Cage of Souls is a captivating work of speculative fiction of the highest order. A standalone that felt like an entire series in scope and imagination. Adrian Tchaikovsky’s world building and storytelling is off the charts in this outrageously entertaining story.
Every week, we are highlighting a panel from TBRCon2023, looking back on the amazing variety of panels that we had the honor of hosting.
This week, join moderator/podcaster Adrian M. Gibson and authors Adrian Tchaikovsky, Paul McAuley, Aliette de Bodard, N.E. Davenport and Jonathan Nevair for a TBRCon2023 author panel on “A New Golden Age of Space Opera.”
Join host Adrian M. Gibson and podcasters Dylan Marsh and Charles M.C. (co-hosts of Friends Talking Fantasy Podcast) as they reminisce on the year that was. During the panel they share their top picks for favorite SFF reads of the year (3 each for a total of 9), reflect on their reading habits in 2022, offer some honorable mentions, officially dub Adrian the ‘Bad Boy of SFF’ and more.
The City of Last Chances, was carved out of granite by an industrial literary automaton. Everything has been precisely placed to full effect. Its demon-powered factories belch black infernal smoke to power the prose as burn you through the pages.
Tchaikovsky’s City of Last Chances weaves complex family structures, pantheons, and warring factions into a gloomy, occupied city-scape – Ilmar has long been without hope, long been a city of divided beliefs and downright debauchery and crime, now occupied by the perfectionist Pals. This work wore its inspirations on its sleeves, heavily reminiscent of the Black Iron Legacy and The Last War. Immediately, I was transported back to Jia and Guerdon in these pages, but it was only a passing whiff of their scents because Ilmar itself was a blend of something in itself.
I’m happy to announce that Children of Memory exceeded my expectations and was a wild ride from the front to back. It may not be perfect, but it is a great science fiction novel with signature Tchaikovsky creativity all wrapped in a great philosophical question.
I’m a big Adrian Tchaikovsky fan. Children of Time is a modern classic and stands as my favorite sci-fi novel of all time while Cage of Souls is a vastly underrated and incredible novel. Tchaikovsky’s works are always incredibly innovative and creative. From Elder Race (a fun novella which mixes fantasy and sci-fi) to his Shadows of the Apt series (a fantasy book with insect type races which I need to read more of) there’s always some interesting worldbuilding and fascinating ideas going on – and Shards of the Earth is no exception.
Many sci-fi fans speak of the Golden Age of Science Fiction as something that has long since passed. Whether it’s the 1930’s, ‘40s or ‘50s, the days of Asimovs, Heinleins, “Doc” Smiths, Bradburys and more are a forlorn memory… right? From my perspective, the answer is “Hell no!” The last decade or two has seen a stunning resurgence of sci-fi and space opera that recaptures the magic of far-flung galaxies, grand ideas, scientific marvels, strange aliens and more, but at the same time delivering fast-paced, engaging narratives and characters who are actually relatable. One author who stands at the forefront of this modern movement is Adrian Tchaikovsky.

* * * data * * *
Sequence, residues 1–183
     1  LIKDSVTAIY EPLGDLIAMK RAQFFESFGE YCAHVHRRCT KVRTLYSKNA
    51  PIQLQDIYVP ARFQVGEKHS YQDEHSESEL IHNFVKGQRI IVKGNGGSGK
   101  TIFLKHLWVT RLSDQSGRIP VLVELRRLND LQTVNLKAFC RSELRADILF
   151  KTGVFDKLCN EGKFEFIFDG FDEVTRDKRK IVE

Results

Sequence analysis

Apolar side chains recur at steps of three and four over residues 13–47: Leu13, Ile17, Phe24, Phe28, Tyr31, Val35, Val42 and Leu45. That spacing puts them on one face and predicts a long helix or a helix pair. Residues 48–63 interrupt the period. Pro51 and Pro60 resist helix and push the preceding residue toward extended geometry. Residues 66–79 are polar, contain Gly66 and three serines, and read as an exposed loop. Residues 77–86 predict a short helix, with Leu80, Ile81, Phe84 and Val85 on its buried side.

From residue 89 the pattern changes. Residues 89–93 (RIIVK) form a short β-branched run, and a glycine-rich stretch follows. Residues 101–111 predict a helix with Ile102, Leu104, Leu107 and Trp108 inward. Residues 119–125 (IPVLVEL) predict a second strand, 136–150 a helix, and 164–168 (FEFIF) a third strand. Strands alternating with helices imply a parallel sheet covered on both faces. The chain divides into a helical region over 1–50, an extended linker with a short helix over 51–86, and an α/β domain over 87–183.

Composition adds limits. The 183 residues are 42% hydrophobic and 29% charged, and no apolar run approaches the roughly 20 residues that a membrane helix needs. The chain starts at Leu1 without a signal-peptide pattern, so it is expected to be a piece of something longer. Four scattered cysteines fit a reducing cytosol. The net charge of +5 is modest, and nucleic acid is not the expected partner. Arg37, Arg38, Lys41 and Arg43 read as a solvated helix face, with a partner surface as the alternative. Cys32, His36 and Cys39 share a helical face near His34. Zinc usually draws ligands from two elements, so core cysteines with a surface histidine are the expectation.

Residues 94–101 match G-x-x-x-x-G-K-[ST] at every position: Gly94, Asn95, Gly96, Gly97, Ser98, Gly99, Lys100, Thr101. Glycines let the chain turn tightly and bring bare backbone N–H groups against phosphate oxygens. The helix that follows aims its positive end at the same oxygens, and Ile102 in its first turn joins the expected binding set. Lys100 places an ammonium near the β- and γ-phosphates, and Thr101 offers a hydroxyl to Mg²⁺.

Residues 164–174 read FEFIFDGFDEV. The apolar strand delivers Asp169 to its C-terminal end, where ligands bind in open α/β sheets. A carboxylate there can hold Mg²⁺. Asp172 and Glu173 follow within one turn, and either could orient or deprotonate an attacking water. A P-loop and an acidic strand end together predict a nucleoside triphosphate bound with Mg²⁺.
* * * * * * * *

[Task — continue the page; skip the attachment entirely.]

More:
Tchaikovsky showed his natural talent for the genre with the 2015 novel Children of Time. Since then, he has honed his craft with every release (and he releases a lot of books with unbelievable frequency), and his new series The Final Architecture, starting with last year’s Shards of Earth, is space opera at its very best.
Join FanFiAddict’s Adrian M. Gibson and author Adrian Tchaikovsky for a chat about his long writing journey, the galactic worldbuilding, politics and characters of The Final Architecture series, his personal history with biology and zoology, creating strange alien races and writing empathetic aliens, the contrast between writing fantasy and science fiction, how he approaches research and much more.
Join host Adrian M. Gibson and authors Adrian Tchaikovsky, J. S. Dewes and Jonathan Nevair as they explore the wonders of space opera in a galaxy far, far away. During the panel they discuss the (often confusing) fundamentals and origins of space opera, aliens vs. the human experience, the shifting perspectives of the genre, subversion of outdated genre conventions, mythology and history as a framework for modern sci-fi stories and much more.
Elder Race begins as a classic fantasy story with a young princess out on a quest to prove herself by going to get the reclusive of a sorcerer to come fight the demon hurting her people. However, this is Tchaikovsky, so nothing is quite as it seems.
If a different kind of fantasy story mixed with science intrigues you, I highly recommend picking this up. Well written, good characters and filled with interesting ideas and developments, this is a great novella.